Josef, twelve years old at the start of the book, is one of the three protagonists of the novel. Josef is brave, mature beyond his years, and devoted to his family. From the opening scene of the novel, Josef shows a strong desire to be seen as an adult, which sometimes causes tension within his family. When Nazi storm troopers invade his home and seize his father, he fights against them, showing bravery that characterizes his actions throughout the book. Rather than hiding or using his age to ask for mercy, actions of a child, he insists that he is almost an adult, an example of his wish to be seen as an adult. However, after the trauma of the concentration camp leaves Aaron unable to return to his role as a parent, the premature adulthood refugee life forces on Josef causes tension within the family and within himself. After slapping his father and frightening him into submission in order to pass the port authority health screening in Havana, Josef feels guilty for scaring him and also for “taking his father’s place as the man in the family,” an example of the theme throughout the book of how refugee children are forced to behave as adults.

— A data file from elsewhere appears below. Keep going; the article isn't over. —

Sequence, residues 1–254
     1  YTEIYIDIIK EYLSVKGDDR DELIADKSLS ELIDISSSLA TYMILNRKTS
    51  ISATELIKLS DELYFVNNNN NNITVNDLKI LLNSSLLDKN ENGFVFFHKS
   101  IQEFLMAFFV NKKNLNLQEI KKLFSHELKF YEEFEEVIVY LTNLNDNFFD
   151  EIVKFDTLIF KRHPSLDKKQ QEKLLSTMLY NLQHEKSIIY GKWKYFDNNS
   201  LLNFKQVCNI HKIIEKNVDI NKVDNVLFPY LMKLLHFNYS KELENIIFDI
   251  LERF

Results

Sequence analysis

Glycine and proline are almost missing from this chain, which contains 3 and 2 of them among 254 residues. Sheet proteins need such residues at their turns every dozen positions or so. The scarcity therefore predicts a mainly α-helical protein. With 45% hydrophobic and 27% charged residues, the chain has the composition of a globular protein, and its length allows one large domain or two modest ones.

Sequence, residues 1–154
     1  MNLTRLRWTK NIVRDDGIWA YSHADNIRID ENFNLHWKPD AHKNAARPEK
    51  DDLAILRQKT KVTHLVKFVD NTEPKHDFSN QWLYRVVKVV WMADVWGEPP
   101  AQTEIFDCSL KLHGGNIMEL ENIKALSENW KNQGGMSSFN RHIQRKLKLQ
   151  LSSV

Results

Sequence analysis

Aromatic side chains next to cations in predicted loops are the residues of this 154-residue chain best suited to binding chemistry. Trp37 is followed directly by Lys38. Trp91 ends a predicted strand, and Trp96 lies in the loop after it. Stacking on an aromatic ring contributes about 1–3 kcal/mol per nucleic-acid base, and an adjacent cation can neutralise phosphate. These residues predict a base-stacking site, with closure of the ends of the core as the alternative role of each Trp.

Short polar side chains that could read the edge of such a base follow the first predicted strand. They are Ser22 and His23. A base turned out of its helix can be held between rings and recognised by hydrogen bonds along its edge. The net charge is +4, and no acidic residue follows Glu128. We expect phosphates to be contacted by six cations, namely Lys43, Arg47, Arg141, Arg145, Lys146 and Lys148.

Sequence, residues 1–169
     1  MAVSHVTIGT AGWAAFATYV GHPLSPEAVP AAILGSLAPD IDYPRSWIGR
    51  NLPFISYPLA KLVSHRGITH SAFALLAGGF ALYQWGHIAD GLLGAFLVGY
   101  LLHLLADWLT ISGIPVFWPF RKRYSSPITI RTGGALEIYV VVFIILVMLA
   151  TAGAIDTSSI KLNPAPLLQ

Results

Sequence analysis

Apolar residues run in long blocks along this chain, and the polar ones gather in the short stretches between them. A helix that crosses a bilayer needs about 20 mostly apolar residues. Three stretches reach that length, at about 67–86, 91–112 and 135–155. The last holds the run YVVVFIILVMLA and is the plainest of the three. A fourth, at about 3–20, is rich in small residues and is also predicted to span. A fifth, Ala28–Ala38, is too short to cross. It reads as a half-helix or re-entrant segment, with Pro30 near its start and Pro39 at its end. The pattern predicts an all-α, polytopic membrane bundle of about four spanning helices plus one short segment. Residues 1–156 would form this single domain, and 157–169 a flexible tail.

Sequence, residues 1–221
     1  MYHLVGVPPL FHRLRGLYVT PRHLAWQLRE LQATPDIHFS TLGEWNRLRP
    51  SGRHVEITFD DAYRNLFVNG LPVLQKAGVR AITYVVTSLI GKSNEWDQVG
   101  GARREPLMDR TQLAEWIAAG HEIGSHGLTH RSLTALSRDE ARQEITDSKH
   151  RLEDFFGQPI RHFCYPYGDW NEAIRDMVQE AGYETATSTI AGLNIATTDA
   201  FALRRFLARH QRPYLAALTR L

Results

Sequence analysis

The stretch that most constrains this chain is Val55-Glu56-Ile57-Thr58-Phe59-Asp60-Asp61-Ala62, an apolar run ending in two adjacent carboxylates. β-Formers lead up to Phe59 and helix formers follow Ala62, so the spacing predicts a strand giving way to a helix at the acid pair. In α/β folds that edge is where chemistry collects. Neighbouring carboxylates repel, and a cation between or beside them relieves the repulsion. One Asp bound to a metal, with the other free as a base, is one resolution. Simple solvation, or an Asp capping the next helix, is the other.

Although Josef shows immense bravery and maturity throughout the book, he is still a child, and there are limits to his ability to protect his family. After Aaron tears the room apart in a spell of madness and Rachel accidentally ends up drugged to sleep while Ruthie is at the pool, Josef’s inability to care for his parents and sister at the same time ends in the permanent separation of the family, since Aaron jumps overboard when Josef leaves him to pick up Ruthie.  Josef helps Pozner stage a mutiny, but when the captain challenges him about how he plans to pilot the ship, he is forced to back down, an example of his will to take bold action being frustrated by the limitations of his knowledge and experience. In the cruel choice the Nazi soldier gives to Rachel, of which child she will save with the bribe of her diamond earrings, Josef is again defined as a child, not an adult. However, in his decision to volunteer himself, sparing Ruthie’s life and Rachel the agony of an impossible choice, he shows the courage and self-sacrifice that characterize his actions throughout the novel.